ESTATE OF DANIEL GEORGE TRUEBLOOD V P&G APARTMENTS LLC (Per Curiam Opinion)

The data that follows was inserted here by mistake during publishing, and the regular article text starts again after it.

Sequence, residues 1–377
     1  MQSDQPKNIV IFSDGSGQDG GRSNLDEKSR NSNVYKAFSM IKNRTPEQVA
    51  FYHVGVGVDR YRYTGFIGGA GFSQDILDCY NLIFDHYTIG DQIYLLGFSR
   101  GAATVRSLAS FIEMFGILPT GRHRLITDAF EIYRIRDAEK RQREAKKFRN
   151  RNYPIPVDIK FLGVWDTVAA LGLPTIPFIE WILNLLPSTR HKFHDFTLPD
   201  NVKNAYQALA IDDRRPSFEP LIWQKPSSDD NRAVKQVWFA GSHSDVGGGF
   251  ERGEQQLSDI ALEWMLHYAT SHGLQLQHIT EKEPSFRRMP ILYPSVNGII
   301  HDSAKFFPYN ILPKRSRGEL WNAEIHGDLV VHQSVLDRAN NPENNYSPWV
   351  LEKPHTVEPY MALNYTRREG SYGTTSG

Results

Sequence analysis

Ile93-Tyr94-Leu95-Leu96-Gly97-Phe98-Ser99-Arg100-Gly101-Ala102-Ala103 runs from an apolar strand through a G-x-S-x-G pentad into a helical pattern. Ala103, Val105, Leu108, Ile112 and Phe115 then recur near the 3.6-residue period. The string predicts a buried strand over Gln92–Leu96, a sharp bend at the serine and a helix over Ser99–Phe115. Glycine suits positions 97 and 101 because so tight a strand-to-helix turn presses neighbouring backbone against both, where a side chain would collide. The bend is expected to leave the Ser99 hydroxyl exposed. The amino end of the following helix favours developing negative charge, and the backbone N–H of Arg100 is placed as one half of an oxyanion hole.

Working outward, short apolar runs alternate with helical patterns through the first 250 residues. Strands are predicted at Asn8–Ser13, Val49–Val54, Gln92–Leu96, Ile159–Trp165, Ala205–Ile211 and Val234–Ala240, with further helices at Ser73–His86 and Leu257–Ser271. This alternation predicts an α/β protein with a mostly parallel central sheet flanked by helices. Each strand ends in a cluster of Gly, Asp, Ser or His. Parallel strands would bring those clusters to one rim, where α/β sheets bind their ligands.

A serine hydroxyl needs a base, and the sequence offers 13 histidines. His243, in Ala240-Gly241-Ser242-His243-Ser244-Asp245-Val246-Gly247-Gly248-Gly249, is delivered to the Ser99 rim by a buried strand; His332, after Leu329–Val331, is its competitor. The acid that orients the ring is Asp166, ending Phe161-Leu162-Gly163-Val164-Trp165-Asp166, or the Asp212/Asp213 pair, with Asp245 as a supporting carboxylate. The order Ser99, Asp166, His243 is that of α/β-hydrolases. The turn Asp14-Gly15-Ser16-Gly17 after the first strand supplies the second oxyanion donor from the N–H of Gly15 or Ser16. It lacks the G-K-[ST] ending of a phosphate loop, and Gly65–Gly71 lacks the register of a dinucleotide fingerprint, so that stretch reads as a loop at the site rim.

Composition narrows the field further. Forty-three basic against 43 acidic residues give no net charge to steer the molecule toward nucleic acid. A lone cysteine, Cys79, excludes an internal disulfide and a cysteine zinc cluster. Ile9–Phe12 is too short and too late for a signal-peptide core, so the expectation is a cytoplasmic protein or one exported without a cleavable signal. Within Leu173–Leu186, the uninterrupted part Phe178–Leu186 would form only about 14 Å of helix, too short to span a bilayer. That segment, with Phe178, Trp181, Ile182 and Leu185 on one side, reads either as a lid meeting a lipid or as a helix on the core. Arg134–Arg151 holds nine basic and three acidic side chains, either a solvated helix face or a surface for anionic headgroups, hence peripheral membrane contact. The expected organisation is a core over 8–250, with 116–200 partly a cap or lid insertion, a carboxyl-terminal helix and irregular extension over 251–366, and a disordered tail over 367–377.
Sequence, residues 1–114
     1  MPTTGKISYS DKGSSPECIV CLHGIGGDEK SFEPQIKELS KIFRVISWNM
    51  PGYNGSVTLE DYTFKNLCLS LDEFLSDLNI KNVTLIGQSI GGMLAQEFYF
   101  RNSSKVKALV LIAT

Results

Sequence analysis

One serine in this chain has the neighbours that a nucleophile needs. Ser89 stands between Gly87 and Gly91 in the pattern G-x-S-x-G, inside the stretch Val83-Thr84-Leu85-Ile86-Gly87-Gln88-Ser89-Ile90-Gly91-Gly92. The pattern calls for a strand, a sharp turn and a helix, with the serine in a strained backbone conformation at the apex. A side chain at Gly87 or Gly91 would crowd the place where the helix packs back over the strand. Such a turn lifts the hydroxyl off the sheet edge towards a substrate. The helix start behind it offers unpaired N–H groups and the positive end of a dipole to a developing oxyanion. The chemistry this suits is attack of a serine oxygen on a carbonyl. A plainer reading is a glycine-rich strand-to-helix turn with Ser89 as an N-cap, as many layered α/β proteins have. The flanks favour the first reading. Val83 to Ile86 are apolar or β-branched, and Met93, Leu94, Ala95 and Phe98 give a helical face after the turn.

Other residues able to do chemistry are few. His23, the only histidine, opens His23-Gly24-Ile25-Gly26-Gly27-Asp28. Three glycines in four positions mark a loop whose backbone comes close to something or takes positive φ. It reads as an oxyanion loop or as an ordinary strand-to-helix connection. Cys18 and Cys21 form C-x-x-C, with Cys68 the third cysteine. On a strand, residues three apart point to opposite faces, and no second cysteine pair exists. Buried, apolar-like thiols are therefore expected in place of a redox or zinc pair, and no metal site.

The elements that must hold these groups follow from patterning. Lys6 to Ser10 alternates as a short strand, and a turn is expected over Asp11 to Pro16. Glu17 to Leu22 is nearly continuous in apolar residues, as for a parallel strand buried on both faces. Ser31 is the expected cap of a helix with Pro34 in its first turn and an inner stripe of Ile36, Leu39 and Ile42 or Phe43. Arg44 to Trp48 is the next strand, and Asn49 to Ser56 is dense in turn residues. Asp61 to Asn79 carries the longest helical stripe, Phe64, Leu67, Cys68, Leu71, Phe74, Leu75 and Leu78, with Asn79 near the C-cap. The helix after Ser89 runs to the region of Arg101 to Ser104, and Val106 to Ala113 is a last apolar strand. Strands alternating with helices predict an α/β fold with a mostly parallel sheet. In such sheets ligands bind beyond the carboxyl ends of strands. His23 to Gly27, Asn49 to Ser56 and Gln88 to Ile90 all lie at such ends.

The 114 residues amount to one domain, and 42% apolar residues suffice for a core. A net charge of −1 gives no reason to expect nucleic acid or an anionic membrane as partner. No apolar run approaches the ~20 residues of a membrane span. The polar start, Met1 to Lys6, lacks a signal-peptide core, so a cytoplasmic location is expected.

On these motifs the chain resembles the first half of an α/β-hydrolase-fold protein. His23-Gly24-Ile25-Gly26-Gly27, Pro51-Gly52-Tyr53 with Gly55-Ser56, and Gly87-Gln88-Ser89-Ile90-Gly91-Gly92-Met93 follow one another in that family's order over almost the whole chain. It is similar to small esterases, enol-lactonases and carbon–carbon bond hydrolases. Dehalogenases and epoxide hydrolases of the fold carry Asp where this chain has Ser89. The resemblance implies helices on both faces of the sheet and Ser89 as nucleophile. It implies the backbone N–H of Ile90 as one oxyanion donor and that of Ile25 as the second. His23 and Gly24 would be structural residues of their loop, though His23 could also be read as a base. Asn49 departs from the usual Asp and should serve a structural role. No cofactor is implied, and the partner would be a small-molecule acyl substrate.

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If this opinion indicates that it is “FOR PUBLICATION,” it is subject to revision until final publication in the Michigan Appeals Reports. STATE OF MICHIGAN COURT OF APPEALS ESTATE OF DANIEL GEORGE TRUEBLOOD, Plaintiff-Appellant, v FOR PUBLICATION March 12, 2019 9:05 a.m. No. 340642 Wayne Circuit Court LC No. 16-005626-NI P&G APARTMENTS, LLC, Defendant-Appellee. Before: O’BRIEN, P.J., and JANSEN and RONAYNE KRAUSE, JJ. PER CURIAM. Plaintiff1 appeals as of right the trial court’s order granting summary disposition to defendant under MCR 2.116(C)(10). We affirm in part, reverse in part, and remand for further proceedings. This slip-and-fall action arose after plaintiff slipped on a sidewalk located on the premises of defendant’s apartment complex, where plaintiff was a tenant. On January 11, 2016, at around 11:00 a.m., plaintiff slipped on defendant’s sidewalk, injuring himself. Jeffrey Andresen, who has a PhD in climatology, prepared a report at plaintiff’s request about the “meteorological and climatological records regarding the possible presence of snow and ice on the ground at” the subject property when plaintiff fell. Based on his review of the records, Andresen believed that approximately 3.4 inches of snow fell in the 24 hours before plaintiff’s fall. According to Andresen, the snowfall combined with the conditions on paved surfaces at the subject property “would have resulted in a significant layer of ice (mostly refrozen slush) on the surface covered by a thin layer of drier, fluffy snow.” Andresen testified that he based some of his conclusions on a combination of photographs2 taken shortly after plaintiff fell and the records of the weather conditions around the time that plaintiff fell. 1 Plaintiff died on or about December 19, 2016, from causes apparently unrelated to this action. 2 The photos are included as part of the lower court record. -1- According to Andresen, it was “pretty clear” from the photos “that there [was] ice on the surface.” Andresen believed that the photos showed “ice covering almost everything,” which he said was “consistent with what the weather records suggest also.” Gregory Borg, the sole owner of defendant, testified that he does his own maintenance, snow removal, and deicing. Borg testified that he plows and uses a snowblower on the buildings, and “[s]ometimes [he has John] Suboch help [him].” Suboch confirmed that in January 2016, he would help Borg “remove the snow and throw out salt.” Borg testified that to determine when snow removal was necessary, he “look[ed] at the news” and “[i]f it[ was] snowing out [he would] get out there that night or in the morning.” He explained that he would “[u]sually go the night before and assess the situation and either salt it down, and then the next morning if there[ was] a big snowfall[,] plow or snow blow.” Borg testified that he was out at plaintiff’s apartment “the night before” plaintiff fell because Borg “remember[ed that] there was a light dusting of snow[, a]nd [he] went out there and . . . threw some salt around the walkways, and [he] threw some in the parking lot.” Borg estimated that he threw “a couple bags” of salt that night because that was “pretty much the norm” to “cover the area.” Borg testified that he was also out at the subject property at around 9:00 a.m. on the day that plaintiff fell. According to Borg, he and Suboch “salted the property” and “[p]robably snow-blowed and maybe ran the plow over the parking lot a couple of times.” But several tenants of the subject property disputed Borg’s testimony. Plaintiff testified that he never observed anyone doing snow or ice removal on the property on defendant’s behalf. In fact, plaintiff said that he never saw Borg do any work at the premises, but did see another man doing maintenance. Anthony Lopenski, another tenant of the subject property, testified that it did not “really” look like there had been any snow removal on the day that plaintiff fell, it looked “snowy” to him, and “[t]here was no salt to be found” anywhere on the property that day. Kyla Nunley, another tenant of the subject property, testified that Borg “absolutely” had not salted before plaintiff fell, and that she did not see Borg or anyone else applying salt or plowing the premises the night before plaintiff fell. Nunley testified that she called Borg after plaintiff fell and saw Borg put salt down shortly “[a]fter the fact.” Lopenski similarly testified that he did not see Borg doing any snow removal or deicing until after plaintiff left in the ambulance. Borg confirmed that he was at the apartment with Suboch after he was informed that plaintiff fell. Plaintiff testified that on the morning that he fell, he was going to visit his attorney. According to plaintiff, he did not have any particular reason for going to see his attorney that day; it was simply “the day [he] chose.” Plaintiff was aware that it had snowed the day before, and as he was leaving, “all [he] could see was a fine layer of snow . . . .” According to plaintiff, it was possible to get to his car by using a different doorway on the other side of the building, but he would not use that route because a person would still “have to walk around the front through the snow” to get to his or her car on the other side, and it “would be kind of lame to do that when you can just walk out the door [on the other side] and go to your car.”3 Borg confirmed that 3 When defense counsel was confused about whether plaintiff was saying that “you can exit” through the second door, plaintiff clarified, “Oh, you can walk out the door.” -2- tenants could use either entrance to access parking. Plaintiff testified that when he used the door closest to where his car was parked, he took two or three steps and then fell. Plaintiff fell backwards “on [his] derriere.” Plaintiff saw snow on the ground, but assumed that “ice underneath the snow” made him fall, though he “didn’t see [ice] under the snow.” Plaintiff clarified that he did not see any ice, but assumed it was there because “it was slippery” and he was wearing “the best boots you can buy” and he would not “have slipped on just snow.” Plaintiff was not aware of anyone else ever falling on the property, and did not see anyone else slip on ice on the day that he fell. Lopenski testified that he lived on the first floor of the subject property and that he saw plaintiff fall. When Lopenski saw plaintiff fall, he was sitting in his apartment in “a chair right by the window.” Lopenski testified that he heard the door to the outside slam, then “looked over [and saw plaintiff’s] arms go up and he disappeared.” Lopenski testified that he went out to help plaintiff after he fell, and the sidewalk felt “[s]lippery.” Lopenski assumed that it felt slippery because “it was icy.” Lopenski later clarified that he did not see any ice, and that he just saw “a sheet of snow.” But Lopenski double-downed on his testimony that there was ice beneath the snow, explaining that he “believe[d]” that there was a “real thin” layer of snow with “ice under there.” Nunley, who was in Lopenski’s apartment when he saw plaintiff fall, also went outside to the sidewalk after plaintiff fell. Nunley testified that the sidewalk where plaintiff fell was “real icy.” Plaintiff filed a complaint on May 3, 2016. The complaint alleged two counts. Count 1 alleged, in relevant part, violations of MCL 554.139, and Count 2 alleged premises liability. On August 4, 2017, defendant filed a motion for summary disposition under MCR 2.116(C)(10). Defendant first addressed plaintiff’s claim under MCL 554.139 that the sidewalk was not fit for its intended use. Defendant contended that plaintiff could not establish that the sidewalk was not fit for its intended use because he could “not even verify he fell on ice” and “could not say for sure that the ice caused his fall.” Defendant also pointed out that Lopenski did not slip and fall on any ice, nor did the EMS workers, which established that other people were able to use the sidewalk for its intended purpose. Defendant also argued that the second portion of MCL 554.139—the duty “[t]o keep the premises in reasonable repair”—did not apply to common areas such as the sidewalk where plaintiff slipped. Defendant then addressed plaintiff’s premises liability claim. Defendant argued that the dangerous condition was open and obvious because plaintiff admitted “to seeing a layer of snow as he exited the building” and, “[g]iven that it was January in Michigan, a reasonable person would expect there to be other wintry conditions such as additional snow or even ice, and to be on the lookout.” Defendant lastly argued that Andresen’s testimony could not create a genuine question of fact because “all that can really be shown is that snow was likely present,” and Andresen’s testimony about ice “contradict[s] plaintiff’s own testimony about the condition of the sidewalk.” Defendant concluded that “the mere presence of snow does not establish the Defendant’s fault.” Plaintiff filed a brief in opposition to defendant’s motion on September 5, 2017. Plaintiff first argued that there was a genuine issue of material fact as to his theory of premises liability. -3- Plaintiff contended that the hazard was ice, and that the ice was not obvious because no one actually saw the ice; they only saw a thin sheet of snow. Alternatively, plaintiff argued that the ice was effectively unavoidable. According to plaintiff, he “had no other way of getting to his car than by traversing either the front (west) sidewalk or the rear sidewalk and parking areas, all of which were covered with the same frozen slush or sleet,” so walking on ice was effectively unavoidable. Turning to his statutory theories of liability, plaintiff first argued that the sidewalk that he slipped on was not fit for its intended use. Plaintiff argued that a sidewalk’s intended purpose was for walking, and that it was not fit for its intended use if, as the evidence suggested, the sidewalk was icy and Borg had not salted the sidewalk before plaintiff fell. Plaintiff also contended that defendant failed to comply with a local law that required it to maintain its walkways “so as to afford safe passage” because it failed to timely remove the ice from the sidewalk. On September 28, 2017, the trial court held a hearing on defendant’s motion. After hearing the parties’ arguments, which were in line with their briefs, the trial court granted summary disposition to defendant. On October 2, 2017, the trial court entered an order granting defendant’s motion for summary disposition. Plaintiff now appeals as of right. Plaintiff argues that the trial court erred by granting defendant’s motion for summary disposition. We agree that the trial court erred by granting summary disposition to defendant on plaintiff’s claims for statutory violations under MCL 554.139, but disagree that the trial court erred by granting summary disposition to defendant on plaintiff’s premises liability claim. Appellate courts review de novo a trial court’s grant of summary disposition. Innovation Ventures v Liquid Mfg, 499 Mich 491, 506; 885 NW2d 861 (2016). Defendant moved for summary disposition under MCR 2.116(C)(10). In Maiden v Rozwood, 461 Mich 109, 120; 597 NW2d 817 (1999), our Supreme Court explained the standard for a motion under MCR 2.116(C)(10) as follows: A motion under MCR 2.116(C)(10) tests the factual sufficiency of the complaint. In evaluating a motion for summary disposition brought under this subsection, a trial court considers affidavits, pleadings, depositions, admissions, and other evidence submitted by the parties, MCR 2.116(G)(5), in the light most favorable to the party opposing the motion. Where the proffered evidence fails to establish a genuine issue regarding any material fact, the moving party is entitled to judgment as a matter of law. A genuine issue of material fact exists when, after viewing the evidence in a light most favorable to the nonmoving party, reasonable minds could differ on the issue. Allison v AEW Capital Mgt, LLP, 481 Mich 419, 425; 751 NW2d 8 (2008). “In a premises liability action, a plaintiff must prove the elements of negligence: (1) the defendant owed the plaintiff a duty, (2) the defendant breached that duty, (3) the breach was the proximate cause of the plaintiff’s injury, and (4) the plaintiff suffered damages.” Benton v Dart -4- Properties, Inc, 270 Mich App 437, 440; 715 NW2d 335 (2006). The duty that a landlord owes a plaintiff depends on the plaintiff’s status on the land. Stitt v Holland Abundant Life Fellowship, 462 Mich 591, 596; 614 NW2d 88 (2000). A tenant is an invitee of the landlord. Id. at 604, 614. Thus, a landlord owes a duty to a tenant “to exercise reasonable care to protect the [tenant] from an unreasonable risk of harm caused by a dangerous condition on the land.” Lugo v Ameritech Corp, Inc, 464 Mich 512, 516; 629 NW2d 384 (2001). Absent special aspects, this duty does not extend to open and obvious dangers. Id. at 516-517. “Generally, the hazard presented by snow and ice is open and obvious, and the landowner has no duty to warn of or remove the hazard.” Buhalis v Trinity Continuing Care Services, 296 Mich App 685, 694; 822 NW2d 254 (2012), quoting Royce v Chatwell Club Apartments, 276 Mich App 389, 392; 740 NW2d 547 (2007) (quotation marks omitted). Here, plaintiff contends that he slipped on ice, and that he did not see the ice because it was covered by a thin sheet of snow. In response, defendant contends that because neither plaintiff nor any other witness testified that they actually saw ice, there is no evidence that there was any ice that plaintiff slipped on. In our opinion, defendant’s contention does not view the evidence in the light most favorable to plaintiff. Plaintiff testified that although he did not see the ice, he believed that he slipped and fell on ice. This was supported by Lopenski’s testimony, who testified like plaintiff that he believed that there was ice underneath the snow. Both Lopenski and plaintiff explained that their belief was premised on the fact that it was “slippery.” Although, like plaintiff, Lopenski did not see any ice, this goes to the weight of their testimonies about the ice, not to whether there was in fact ice on the sidewalk. Also of note, both Lopenski’s and plaintiff’s testimonies are supported by Nunley, who testified that that the sidewalk where plaintiff fell was “real icy.” While this may be a close question if the only evidence was a person’s belief that there was ice, there is additional evidence to support that the sidewalk was icy: the testimony of Andresen. Andresen explained that the conditions were such that ice was likely to form. Looking at photos of the scene after the accident, Andresen opined that the entire area was covered with “frozen slush”—consistent with what Andresen expected—and that it would be slippery. Viewing this evidence in the light most favorable to plaintiff, it would tend to confirm plaintiff’s and Lopenski’s testimonies that plaintiff slipped on ice. Thus, we conclude that, when viewing the evidence in the light most favorable to plaintiff, a rational trier of fact could find that plaintiff slipped on ice on the sidewalk in defendant’s apartment complex. Even if plaintiff slipped on ice, there is no question that the ice was open and obvious. In Ragnoli v North Oakland-North Macomb Imaging, Inc, 500 Mich 967 (2017), our Supreme Court reversed a panel of this Court that found a question of fact whether ice in a parking lot with low lighting at night was open and obvious. See Ragnoli v North Oakland-North Macomb Imaging, Inc, unpublished per curiam opinion of the Court of Appeal, issued April 12, 2016 (Docket No. 325206), p 2. Our Supreme Court explained that notwithstanding the low lighting in the parking lot, the presence of wintery weather conditions and of ice on the ground elsewhere on the premises rendered the risk of a black ice patch open and obvious such that a reasonably prudent person would foresee the danger of slipping and falling in the parking lot. [Ragnoli, 500 Mich at 967 (citation and quotation marks omitted).] -5- Here, the weather conditions when plaintiff fell were clearly wintry. Andresen explained that it had snowed over three inches in the 24 hours before plaintiff went out and that it was well below freezing when plaintiff stepped outside. Indeed, plaintiff acknowledged that it snowed the night before and testified that he was wearing winter clothing and winter boots when he left his apartment, showing that he was well aware of the wintery conditions outside. And both plaintiff and Lopenski testified that they saw a layer of snow on the sidewalk when they walked outside. Thus, because snow and ice are generally open and obvious, Buhalis, 296 Mich App at 694, plaintiff readily saw the snow, and “the presence of wintery weather conditions” would alert “a reasonably prudent person” to “the danger of slipping and falling,” Ragnoli, 500 Mich at 967, the ice that plaintiff slipped on was open and obvious. Plaintiff argues that even if the ice was open and obvious, his premises liability claim is not barred because there is a question of fact whether the ice was effectively unavoidable. See Hoffner v Lanctoe, 492 Mich 450, 463; 821 NW2d 88, 96 (2012) (“This Court has discussed two instances in which the special aspects of an open and obvious hazard could give rise to liability: when the danger is unreasonably dangerous or when the danger is effectively unavoidable.”). In Hoffman, our Supreme Court explained that “the standard for ‘effective unavoidability’ is that a person, for all practical purposes, must be required or compelled to confront a dangerous hazard,” so “situations in which a person has a choice whether to confront a hazard cannot truly be unavoidable, or even effectively so.” Id. at 469. The danger here was not effectively unavoidable. Plaintiff had access to another door that he could have exited out of to go to his car. Thus, because plaintiff had a choice whether to confront the hazard, it was not effectively unavoidable. See id. Plaintiff argues that the ice was unavoidable because it covered both entrances. Plaintiff bases this assertion on the testimony of Andresen, who said that the weather conditions created an icy condition across a large stretch of the Detroit metropolitan area. However, contrary to plaintiff’s assertion, there is no evidence that the other entrance was covered in snow and ice. Andresen’s testimony that many areas would have been icy is not sufficient to establish that the other entrance would have been icy. Such a conclusion would be speculation or conjecture—“an explanation consistent with known facts or conditions, but not deducible from them as a reasonable inference.” Skinner v Square D Co, 445 Mich 153, 164; 516 NW2d 475 (1994) (quotation marks and citation omitted). While the other entrance being covered with ice would be consistent with Andresen’s testimony that much of the Detroit metropolitan area was covered with ice, there is no way to reasonably infer that, because parts of the area were covered in ice, then the other entrance was icy. Speculation cannot create a question of fact. Detroit v General Motors Corp, 233 Mich App 132, 139; 592 NW2d 732 (1998). Turning to plaintiff’s second argument, he contends that the trial court erred by dismissing his claim based on the statutory violations under MCL 554.139(1)(a) and (b). The open and obvious doctrine “is not available to deny liability” for a statutory violation under MCL 554.139(1). Benton, 270 Mich App 441. MCL 554.139(1)(a) states: -6- (1) In every lease or license of residential premises, the lessor or licensor covenants: (a) That the premises and all common areas are fit for the use intended by the parties. In Allison, 481 Mich at 428-431, our Supreme Court addressed the analytical framework that is to be used when determining liability under MCL 554.139(1)(a). First, the court is to determine whether the area in question is a “common area.” Then, the court is to identify the intended use of the common area. Lastly, the court must determine if there could be “reasonable differences of opinion regarding” whether the conditions made the common area unfit for its intended use. Plaintiff here slipped on a sidewalk leading from his apartment building to the parking lot. In Benton, 270 Mich App at 443, this Court held that “sidewalks constituted common areas used by tenants.” The Benton Court explained: First, sidewalks such as the one in question are located within the parameters of the apartment structure. They are constructed and maintained by the landlord or those in the landlord’s employ. Second, sidewalks leading from apartment buildings to adjoining parking lots are common areas for tenants because all tenants who own and park their vehicles in the spaces allotted to them by their landlord rely on these sidewalks to access their vehicles and apartment buildings. Additionally, any person residing in an apartment complex must utilize the sidewalk provided by the landlord every time the tenant wishes to enter or exit his or her dwelling. [Id. at 442-443.] We conclude that the rationale for finding that the sidewalk in Benton was a common area applies to the sidewalk here, so the sidewalk that plaintiff slipped on was a “common area” under MCL 554.139(1)(a). Next, like in Benton, the intended use of the sidewalk here was “walking on it.” Id. at 444. The only remaining question is whether the presence of ice on the sidewalk made it unfit for its intended use. In Benton, this Court held that “a sidewalk covered in ice is not fit” for its intended use. Id. But in Allison, our Supreme Court explained that ice does not inherently render a common area unfit for its intended use if the ice is a “[m]ere inconvenience.” Allison, 481 Mich at 730. Yet, here, there is a question of fact whether the sidewalk was completely covered with ice, making the ice more than a mere inconvenience. Plaintiff testified that the sidewalk was covered with snow and was slippery. Lopenski similarly testified that there was snow over the sidewalk and that it was slippery. And Andresen testified that the weather conditions leading up to plaintiff’s fall would have coated the entire area with ice, and that, based on the pictures taken after the accident, the entire area appeared coated with ice with some snow overtop, which is what Andresen would have expected. Viewing this evidence in the light most favorable to plaintiff, there is a question of fact whether the sidewalk was completely covered with ice. We conclude that a sidewalk completely covered in ice is not fit for its intended use, see Benton, 270 Mich App at 444, because it does not present a “[m]ere inconvenience of access,” Allison, 481 Mich at 430; anyone walking on a sidewalk completely covered in ice would be forced to walk on ice, and there is no way to simply walk around it. -7- Defendant contends that, based on Allison, plaintiff’s claim should fail because he cannot establish that the sidewalk was not fit for its intended use. In Allison, 481 Mich at 423, the plaintiff slipped and fell while walking to his car. Plaintiff’s car was parked in the defendant apartment complex’s parking lot, and plaintiff fell after he slipped on ice that was covered by one to two inches of snow. Id. The Court held that a parking lot was a common area, and part of a parking lot’s intended use was to allow tenant’s reasonable access to their parked vehicles. Id. at 429. Our Supreme Court held that the plaintiff failed to establish a question of fact whether the parking lot was fit for this intended use because his “allegation of unfitness was supported only by two facts: that the lot was covered with one to two inches of snow and that [he] fell.” Id. at 430. Relying on Allison, defendant argues that plaintiff cannot establish that the sidewalk was not fit for its intended use because “the only evidence presented that the sidewalk did not allow residents access to their vehicles was the presence of ice and snow and [plaintiff’s] fall.” But this argument misconstrues Allison’s holding. Allison does not stand for the notion that evidence of ice cannot make a sidewalk unfit for its intended use. This would require overruling Benton, which Allison did not do. Rather, Allison stands for the proposition that a plaintiff must present more evidence than simply the presence of ice or snow and someone falling. And here, plaintiff did that. As already explained, there is a question of fact whether the sidewalk was completely covered in ice. Thus, if plaintiff walked on the sidewalk, he was inevitably going to confront the ice. Because the purpose of a sidewalk is walking, and ice is slippery and not easy to walk on, a sidewalk that is completely covered in ice is not fit for its intended use. See Benton, 270 Mich App at 444. Defendant also argues that plaintiff failed to establish a genuine issue of material fact because uncontested testimony established that others—namely Lopenski and the EMS workers—were able to walk on the sidewalk without falling. While this would tend to support that the sidewalk was fit for its intended use, it does not overcome the other evidence. Namely, if the sidewalk was completely covered in ice, then it was not fit for its intended use. That others were able to walk on the sidewalk without incident could suggest that the sidewalk was not completely covered in ice, but it could also suggest that the others were walking more carefully on the sidewalk because, seeing as plaintiff had slipped, they were aware that it was slippery. Because there is a question of fact whether the sidewalk was fit for its intended use, the next question is whether defendant breached its duty under MCL 554.139(1)(a). See Benton, 270 Mich App at 444. Again, the duty that defendant owed plaintiff under MCL 554.139(1)(a) was “to maintain the sidewalk in a manner that was fit for its intended use.” Id. Borg testified that he salted the night before plaintiff fell and began salting the next morning at 9 a.m.—two hours before plaintiff fell. Yet the three tenants testified that no one came out and salted the morning of plaintiff’s fall. Viewing this evidence in the light most favorable to plaintiff, reasonable minds could differ on whether anyone salted the sidewalk on defendant’s behalf before plaintiff fell. If no one salted the sidewalk, then defendant would have breached its duty to maintain the sidewalk in a manner fit for its intended use. Plaintiff also argues on appeal that defendant breached its statutory duty under MCL 554.139(1)(b), which states: -8- (1) In every lease or license of residential premises, the lessor or licensor covenants: * * * (b) To keep the premises in reasonable repair during the term of the lease or license, and to comply with the applicable health and safety laws of the state and of the local unit of government where the premises are located, except when the disrepair or violation of the applicable health or safety laws has been caused by the tenants wilful or irresponsible conduct or lack of conduct. [Emphasis added.] Plaintiff contends that defendant breached Wyandotte Ordinance § 19-288(c), which requires that “[s]teps, walks, driveways, parking spaces and similar paved areas shall be maintained so as to afford safe passage under normal use and weather conditions.” Our Supreme Court in Allison addressed MCL 554.139(1)(b), but at issue in Allison was the first part of MCL 554.139(1)(b)—the covenant “[t]o keep the premises in reasonable repair during the term of the lease or license[.]” It was this covenant that Allison held did not apply to common areas, see Allison, 481 Mich at 432 (explaining “that the covenant to repair under MCL 554.139(1)(b) does not apply to ‘common areas’ ”), and this covenant that the Court held did not apply to the accumulation of snow and ice, see id. at 434 (explaining that “repairing a defect equates to keeping the premises in a good condition as a result of restoring and mending damage to the property,” and because “[t]he accumulation of snow and ice does not constitute a defect in property, . . . the lessor would have no duty under MCL 554.139(1)(b) with regard to snow and ice, except to the extent that such snow and ice caused damage to the property”). Based on our reading of Allison, it is clear that Allison’s holding only applied to the covenant to make reasonable repairs, not to the covenant to comply with local health and safety laws. Because the covenants are listed together and not separated (like the covenant to keep common areas fit for their intended use is separated), there may be a possibility that the Legislature intended for both the covenant to make reasonable repairs and the covenant to comply with local health and safety laws to be read together—meaning that the limitations on the covenant to make reasonable repairs also applies to the covenant to comply with local health and safety laws. A plain reading of the statute, however, forecloses this possibility. The covenants are separated by a comma and the word “and.” The word “and” serves as a conjunction to separate the landlord’s covenant to make reasonable repairs to the premises from the landlord’s covenant to comply with applicable health and safety laws. Nothing in the statute suggests that both of these covenants are to be read together. For instance, if the Legislature intended for both covenants to be limited to the premises (in exclusion of common areas), it would have written the statute to reflect that. But the statute is not written in such a way, and instead reflects that a landlord is “to comply with the applicable health and safety laws” of the local government. Thus, based on the statute’s text, the covenant to make reasonable repairs appears distinct from the covenant to comply with local health and safety laws. -9- This reading of the statute is also supported by the fact that the covenant to make reasonable repairs has historically been considered distinct from the covenant to comply with local health and safety laws. In Rome v Walker, 38 Mich App 458, 462; 196 NW2d 850 (1972), this Court, while discussing MCL 554.139(1)(b), referred to the covenants (plural) “to repair and comply with safety laws” as being “one of statutory mandate.” While the issue of whether these covenants were separate was not squarely before the Rome Court, the Court’s language is telling and supports that the covenant to make reasonable repairs is distinct from the covenant to comply with local health and safety laws. For these reasons, we conclude that a landlord’s covenant to comply with local health and safety laws is distinct from its covenant to make reasonable repairs. MCL 554.139(1)(b) plainly states that the landlord covenants “to comply with the applicable health and safety laws of the state and of the local unit of government where the premises are located[.]” The premises here are located in Wyandotte, Michigan. Thus, defendant had a duty to comply with Wyandotte Ordinance § 19-288(c), which requires that “[s]teps, walks, driveways, parking spaces and similar paved areas shall be maintained so as to afford safe passage under normal use and weather conditions.” Because there is a question of fact whether the sidewalk that plaintiff slipped on was completely covered in ice, there is a question of whether defendant breached its duty “to afford safe passage under normal use and weather conditions” to plaintiff while he was using the sidewalk.4 And, for the reasons explained above, there is a question of fact whether defendant breached this duty by failing to salt the sidewalk. If defendant breached this duty, then reasonable minds could conclude that this breach caused plaintiff to slip and fall, and there is no question that plaintiff suffered injuries. The trial court erred by granting summary disposition to defendant on his statutory violation under MCL 554.139(1)(b). Affirmed in part, reversed in part, and remanded for further proceedings. /s/ Colleen A. O’Brien /s/ Kathleen Jansen /s/ Amy Ronayne Krause 4 We expressly limit our ruling to finding a question of fact whether the sidewalk afforded plaintiff “safe passage.” We offer no opinion whether the “weather conditions” were “normal” before plaintiff slipped, because that question has not been raised by the parties. -10-